Things got pretty wild last week for two EMC technologists.
The Whenology project brings previously separate data sets together to begin the process of studying relationships between climate change, phenology, and bird migration. This data is collected primarily by citizen scientists through different organizations such as Earthwatch, eBird, the Hawk Migration Association of North America, and the USA National Phenology Network.
John works as a researcher in EMC's Advanced Research & Development (ARD) division of the Office of the CTO. John, like myself, has a long history of building enterprise-class software running inside EMC's storage systems. As EMC continues to morph into a company that helps our customers build analytic applications, John's career has been augmented with analytic skillsets that uniquely qualify him to not only build storage systems but also write the applications that analyze data in those storage systems.
For the Whenology research project John built a "climate data lake". Vice President of ARD Ken Durazzo had this to say about the climate data lake and corresponding research:
This work is exposing some very important data, used to create a greater understanding of our planet. It showcases the value of analytics in a real-life use-case, using analytics to create new knowledge as well as put historical data into perspective / context.
If you are interested in some of the research output so far, I strongly recommend browsing the Explore link on the Whenology website.
The other technologist getting wild was myself! Coincidentally, the same week that John was announcing his wildlife website, I was spending two volunteer days in the White Mountains of New Hampshire as a Wilderness Monitor. What does a Wilderness Monitor do?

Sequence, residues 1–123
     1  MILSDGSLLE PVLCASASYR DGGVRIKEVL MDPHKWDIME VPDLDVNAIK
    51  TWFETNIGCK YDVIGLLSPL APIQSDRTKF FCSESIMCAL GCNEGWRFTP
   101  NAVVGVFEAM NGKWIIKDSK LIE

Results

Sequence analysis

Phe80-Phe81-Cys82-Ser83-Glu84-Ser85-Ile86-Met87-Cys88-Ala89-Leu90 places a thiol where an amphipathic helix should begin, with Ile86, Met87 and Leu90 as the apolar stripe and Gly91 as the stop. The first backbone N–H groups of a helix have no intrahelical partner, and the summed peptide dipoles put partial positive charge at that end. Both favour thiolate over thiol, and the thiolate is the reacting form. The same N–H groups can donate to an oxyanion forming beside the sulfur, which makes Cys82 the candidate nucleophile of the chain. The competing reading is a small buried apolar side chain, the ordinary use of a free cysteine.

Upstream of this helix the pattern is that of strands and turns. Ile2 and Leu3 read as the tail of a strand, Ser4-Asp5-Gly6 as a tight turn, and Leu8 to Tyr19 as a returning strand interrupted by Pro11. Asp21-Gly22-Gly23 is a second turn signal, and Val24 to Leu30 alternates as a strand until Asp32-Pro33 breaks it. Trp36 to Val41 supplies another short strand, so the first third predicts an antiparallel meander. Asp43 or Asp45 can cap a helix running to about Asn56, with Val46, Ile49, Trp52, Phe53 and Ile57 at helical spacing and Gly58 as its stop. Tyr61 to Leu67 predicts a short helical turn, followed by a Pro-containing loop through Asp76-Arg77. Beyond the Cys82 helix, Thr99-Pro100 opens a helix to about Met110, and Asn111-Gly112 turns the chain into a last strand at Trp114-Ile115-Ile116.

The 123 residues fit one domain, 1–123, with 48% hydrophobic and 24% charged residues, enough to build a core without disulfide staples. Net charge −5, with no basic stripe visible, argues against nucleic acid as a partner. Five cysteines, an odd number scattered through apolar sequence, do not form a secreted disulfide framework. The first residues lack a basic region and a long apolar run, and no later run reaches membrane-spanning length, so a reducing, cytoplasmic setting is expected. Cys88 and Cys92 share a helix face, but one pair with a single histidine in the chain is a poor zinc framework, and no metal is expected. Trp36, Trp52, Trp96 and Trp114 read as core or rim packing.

Hike to a pre-selected location on a trail accessing one of six Wilderness Areas within the White Mountain National Forest (round-trip hiking distances are between 6 and 12 miles). Observe and record the number of people encountered at a given location for a four-hour period, from 11am to 3pm. Hike back to your car.
On Thursday of last week my dog Jacoby and I monitored the Kate Sleeper Trail. We saw zero people and three bears.
On Friday we visited the peak of North TriPyramid and 16 people passed us by (the photo above was an east-facing picture taken from the top of North TriPyramid).
Each year EMC gives employees 3 days off to become involved in community volunteer activities such as this (for more information see the EMC Gives Back website). I will head back to the White Mountains in August to monitor another trail.
For now it's back to work exploring the new phenomena of Data Value.
As a remembrance however I've included two more pictures below.
The view from Whiteface Mountain in the Sandwich Range Wilderness Area
River Along the Kate Sleeper Trail in the Sandwich Range Wilderness Area.